Tag Archives: United States

Rolleinar: the most handy and must-have Rollei / Rolleiflex accessories

If you are interested in buying some rolleiflex cameras or accessories,

Visit: http://www.dzp-camera-cafe.com/

Rolleinars are simple close-up lenses mounted in front of both TLR lenses for close focuring. In Europe Rolleinars can easily be found on camera fairs. They come in pairs as Rolleinar 1, Rolleinar 2 and Rolleinar 3 for Rollei bayonet sizes I, II, and III in neat leather pouches. The Rolleinar for the viewing lens includes a prism to correct for parallax error and shows a red dot for mounting. An earlier model had the prism as a separate part, so a complete set of this model would consist of three parts. When buying, make shure you get all the parts you need.

It is not uncommon for the data sheets of the Rolleinars to be lost. You will find the information below.

Object distances when using Rolleinars on a Rolleiflex TLR
Depth of field table Rolleiflex TLR 3.5/75 mm
Depth of field table Rolleiflex TLR 2.8/80 mm
Depth of field table Tele-Rolleiflex
Depth of field table Wide-angleRolleiflex
Depth of field table Baby Rolleiflex TLR 4×4

by doistrakh

Feet 3
NEW Feet 3
by ZJeJ

Feet 2


Some nice classic photos

1 Strangers to Reason: LIFE Inside a Psychiatric Hospital, 1938
2 It’s About Time: Classic Stroboscopic Photos
3 GOP Women Party Hard, 1941
4 Growing Up Romney: Mitt’s Early World
5 Photographer Spotlight: Allan Grant
6 Mad About the Boys: Rare Photos of Beatles Fans, 1964
7 Being 007: Behind the Scenes at James Bond Auditions
8 Gunning for White-Winged Doves, 1961
9 Streisand: Early Photos of an Insecure Star
10 Einstein’s Office: Genius in the Details

Exposure Index

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Exposure IndexThis is a featured page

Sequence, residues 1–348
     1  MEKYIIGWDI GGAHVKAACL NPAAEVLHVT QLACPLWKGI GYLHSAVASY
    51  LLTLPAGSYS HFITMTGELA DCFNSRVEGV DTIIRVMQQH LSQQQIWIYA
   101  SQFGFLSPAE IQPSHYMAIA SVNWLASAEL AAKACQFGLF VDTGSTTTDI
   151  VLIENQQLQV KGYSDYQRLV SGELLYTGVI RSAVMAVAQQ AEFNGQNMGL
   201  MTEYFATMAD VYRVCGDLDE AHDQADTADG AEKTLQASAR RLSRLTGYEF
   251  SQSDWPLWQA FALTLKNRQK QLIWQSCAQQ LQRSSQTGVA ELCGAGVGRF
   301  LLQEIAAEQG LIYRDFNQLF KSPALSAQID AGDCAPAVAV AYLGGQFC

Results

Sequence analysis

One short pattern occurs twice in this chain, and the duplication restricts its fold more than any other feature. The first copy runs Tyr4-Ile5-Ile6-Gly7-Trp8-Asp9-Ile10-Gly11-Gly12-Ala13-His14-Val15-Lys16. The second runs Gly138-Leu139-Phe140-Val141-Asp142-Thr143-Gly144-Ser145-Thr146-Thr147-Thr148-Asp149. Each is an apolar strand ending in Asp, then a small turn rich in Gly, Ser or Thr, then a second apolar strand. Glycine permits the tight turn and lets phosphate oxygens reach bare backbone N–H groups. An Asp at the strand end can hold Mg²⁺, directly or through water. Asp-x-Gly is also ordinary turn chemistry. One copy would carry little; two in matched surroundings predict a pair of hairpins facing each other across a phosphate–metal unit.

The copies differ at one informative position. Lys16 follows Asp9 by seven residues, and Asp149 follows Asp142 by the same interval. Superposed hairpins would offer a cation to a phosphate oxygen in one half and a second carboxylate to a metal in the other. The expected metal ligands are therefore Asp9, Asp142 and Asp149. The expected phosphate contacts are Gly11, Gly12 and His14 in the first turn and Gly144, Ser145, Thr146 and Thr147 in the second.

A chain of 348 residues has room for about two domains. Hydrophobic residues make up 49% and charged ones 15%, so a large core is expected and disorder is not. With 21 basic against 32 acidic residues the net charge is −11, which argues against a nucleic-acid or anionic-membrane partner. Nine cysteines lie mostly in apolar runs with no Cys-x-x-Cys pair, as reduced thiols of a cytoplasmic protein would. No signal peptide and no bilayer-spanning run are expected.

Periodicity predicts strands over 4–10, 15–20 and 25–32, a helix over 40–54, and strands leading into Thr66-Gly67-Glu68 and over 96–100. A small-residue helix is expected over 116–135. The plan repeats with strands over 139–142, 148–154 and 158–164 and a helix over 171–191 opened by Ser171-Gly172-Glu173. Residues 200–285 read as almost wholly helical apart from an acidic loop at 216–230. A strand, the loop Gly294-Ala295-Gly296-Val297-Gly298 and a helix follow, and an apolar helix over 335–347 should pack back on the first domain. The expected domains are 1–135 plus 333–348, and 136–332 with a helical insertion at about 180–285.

Exposure index (EI) is the measure of the amount of exposure received by the image receptor (IR). It is dependent on mAs, total detector area irradiated, and beam attenuation. The exposure index is indicative of the image quality. Equipment manufacturers provide a recommended EI range for optimal image quality (Bontrager & Lampignano, 2005, p. 52).EI in digital radiography can be compared to film speed and blackening in film-screen. When film was used, the accuracy of the exposure was obvious based on the appearance of the image. Digital systems post-process images and display adequate contrast and brightness at a much wider range. Therefore, adequate exposure can only be assessed through image noise or burn-out. Secondary workstations such as those used by technologists for image review, are often of lower resolution and brightness than those used for diagnosis. Because of this, it is often difficult to assess whether an image is noisy or not. The exposure index is meant to be an indication of whether the noise levels are acceptable (AAPM, 2009).

Errors in the calculation can occur resulting in an inaccurate EI. This can arise when the software fails in determining which part of the image is the patient anatomy, for example, in the presence of gonadal shielding or prosthesis. EI cannot be solely relied on, therefore the technologist must remain critical of the appearance of the image and the accuracy of the EI (AAPM, 2009).

EI is derived from the mean detector entrance exposure which is derived from the mean pixel value of the image. Most systems use a histogram analysis in order to calculate the mean pixel value (Neitzel, 2004, p. S231).


This is a histogram created from an AP pelvis radiograph. The x-axis represents the pixel value while the y-axis represents the number of pixels with that value. The mean pixel value here is 104.381.